And the Lions went the extra mile when they came to the rescue of the truck driver who brought the first of two loads of trees to Belmont. As he was beginning his 14 hour trip up north, the truck’s steering power line broke, said MacAuley. 

“Some good people in Belmont including Frankie French put together a repair to get him back to Canada,” he said.

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Holiday Cardboard Recycling Set for Saturday, Dec. 3


For the first time, Belmont’s Highway Department will accept uncut cardboard packaging for recycling. 

Residents will be able to drop off cardboard – which will need to be folded at the Department of Public Works Town Yard – on Saturday, Dec. 3 between 9 a.m. and noon.

While Belmont’s trash and recycling contractor accept cardboard, it must be cut into pieces no larger than 3 feet by 3 feet and tied or taped together to make a stack no more than nine inches high.

The new pilot program will take place on three Saturdays – the other dates are Jan. 7 and Feb. 4 – during the holiday season. The DPW will evaluate the scheme in February to determine if it will become an annual service. 

Fill Some Holiday ‘Big Wishes’ at Belmont Savings’ Giving Tree Drive

Photo: A giving tree at Belmont Savings.

To help brighten the season for local children, Belmont Savings Bank is supporting the “Big Wishes Gift Drive” in its Belmont, Watertown and Cambridge branches to benefit the Home for Little Wanderers.

From now until Dec. 15, those interested in participating can stop by Belmont Savings Bank branches in Belmont, Watertown or Cambridge and select an ornament from the giving trees on display. Each ornament indicates the gender and age of a child, as well as the type of gift needed.

All unwrapped gifts dropped off at Belmont Savings will be delivered to the Home for Little Wanderers, which serves children and youth from birth to 21, making a positive impact on more than 7,000 lives each year through a wide network of programs.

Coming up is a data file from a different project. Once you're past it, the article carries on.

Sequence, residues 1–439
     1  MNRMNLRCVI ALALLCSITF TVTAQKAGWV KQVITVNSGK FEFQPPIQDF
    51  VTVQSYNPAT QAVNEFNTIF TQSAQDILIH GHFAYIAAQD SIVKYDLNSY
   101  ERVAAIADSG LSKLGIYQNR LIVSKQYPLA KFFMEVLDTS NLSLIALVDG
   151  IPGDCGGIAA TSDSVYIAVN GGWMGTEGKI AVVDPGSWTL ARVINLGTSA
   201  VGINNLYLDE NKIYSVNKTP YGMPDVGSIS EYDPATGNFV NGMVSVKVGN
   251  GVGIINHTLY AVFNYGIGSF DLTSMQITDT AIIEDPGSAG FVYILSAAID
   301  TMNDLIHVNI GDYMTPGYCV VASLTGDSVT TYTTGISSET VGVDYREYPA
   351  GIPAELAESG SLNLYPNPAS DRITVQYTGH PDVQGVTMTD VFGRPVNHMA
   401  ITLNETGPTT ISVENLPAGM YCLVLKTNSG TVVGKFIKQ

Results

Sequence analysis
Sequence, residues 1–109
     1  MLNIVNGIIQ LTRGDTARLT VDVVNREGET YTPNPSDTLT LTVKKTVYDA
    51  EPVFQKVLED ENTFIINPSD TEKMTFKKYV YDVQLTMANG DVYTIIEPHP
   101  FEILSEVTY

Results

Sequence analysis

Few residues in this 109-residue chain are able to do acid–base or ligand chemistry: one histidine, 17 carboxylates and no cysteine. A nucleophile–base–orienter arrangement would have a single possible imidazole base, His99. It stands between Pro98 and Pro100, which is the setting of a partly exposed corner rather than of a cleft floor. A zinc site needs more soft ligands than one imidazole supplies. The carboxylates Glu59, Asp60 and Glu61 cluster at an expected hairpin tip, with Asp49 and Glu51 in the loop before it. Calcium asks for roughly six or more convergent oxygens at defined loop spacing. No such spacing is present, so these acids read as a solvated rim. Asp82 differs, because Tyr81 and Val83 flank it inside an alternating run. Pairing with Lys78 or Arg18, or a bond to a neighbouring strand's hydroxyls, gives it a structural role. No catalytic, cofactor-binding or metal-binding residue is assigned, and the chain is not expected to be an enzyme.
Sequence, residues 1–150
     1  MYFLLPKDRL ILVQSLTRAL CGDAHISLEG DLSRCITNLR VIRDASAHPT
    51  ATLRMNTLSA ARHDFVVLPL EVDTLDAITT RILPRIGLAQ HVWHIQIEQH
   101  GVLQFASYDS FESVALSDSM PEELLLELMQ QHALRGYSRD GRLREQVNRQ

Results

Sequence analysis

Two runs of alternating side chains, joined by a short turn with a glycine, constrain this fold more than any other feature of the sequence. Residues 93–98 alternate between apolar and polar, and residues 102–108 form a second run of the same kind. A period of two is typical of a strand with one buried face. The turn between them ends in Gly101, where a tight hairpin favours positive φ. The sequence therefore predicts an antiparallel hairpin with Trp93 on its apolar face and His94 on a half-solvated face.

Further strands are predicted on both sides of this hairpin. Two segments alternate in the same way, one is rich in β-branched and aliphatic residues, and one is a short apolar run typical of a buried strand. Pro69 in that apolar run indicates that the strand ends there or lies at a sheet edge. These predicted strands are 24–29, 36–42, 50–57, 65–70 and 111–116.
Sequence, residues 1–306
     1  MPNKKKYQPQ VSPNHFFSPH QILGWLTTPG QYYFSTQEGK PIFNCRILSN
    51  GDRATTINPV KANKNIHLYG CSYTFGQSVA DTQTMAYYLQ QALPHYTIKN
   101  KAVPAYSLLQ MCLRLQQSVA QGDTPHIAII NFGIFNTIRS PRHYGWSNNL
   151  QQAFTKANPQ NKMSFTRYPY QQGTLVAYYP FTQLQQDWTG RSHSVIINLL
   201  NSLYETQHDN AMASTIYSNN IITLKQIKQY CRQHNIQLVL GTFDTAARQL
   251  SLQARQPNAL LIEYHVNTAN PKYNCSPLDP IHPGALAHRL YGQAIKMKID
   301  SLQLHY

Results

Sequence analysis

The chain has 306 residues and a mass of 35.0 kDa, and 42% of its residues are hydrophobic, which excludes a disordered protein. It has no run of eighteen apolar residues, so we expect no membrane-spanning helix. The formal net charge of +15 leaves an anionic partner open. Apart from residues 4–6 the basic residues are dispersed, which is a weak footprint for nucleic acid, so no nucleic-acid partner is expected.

Located in Waltham, Dorchester, Roslindale, Plymouth, Walpole, Roxbury, Norwood, Brighton, Somerville and Bridgewater, The Home has an “open door structure that allows children, families, and young adults access services at any point in continuum of care, based on their needs.” Services include: adoption, foster care, clinical and family support, residential care, special education, youth aging out, case management, and program evaluation.

For additional information, please visit Belmont Savings Bank’s website.

Panos Named A ‘Super Lawyer’ by Boston Magazine

Photo: Laura Panos

The Law Office of Laura A. Panos is proud to announce that its founder, Laura Panos, has been named one of Boston Magazines “Super Lawyers,” a designation given to outstanding attorneys.

“I am honored this year to be selected to join such a distinguished circle of peers,” said Panos who has been practicing law for more than 25 years and serving the Belmont community for more than a decade. 

Her office is located at 50 Leonard St. in Belmont Center.

Panos was also named one of 50 Top Women of Law in Massachusetts for 2014 by Massachusetts Lawyers’ Weekly.

Panos provides employment counseling to businesses and individuals at every level, including representation of a large number of locally owned businesses. The spectrum of services includes terminations, severance, leaves of absence, policy drafting and presentations and trainings on a wide range of employment topics. Individualized counseling specific to industry and position are a unique strength.

“We strive to provide practical, creative, employment solutions specific to our client’s needs. We make it a priority to serve as both client advisor and strategic counselor to optimize opportunities and mitigate risk,” she said.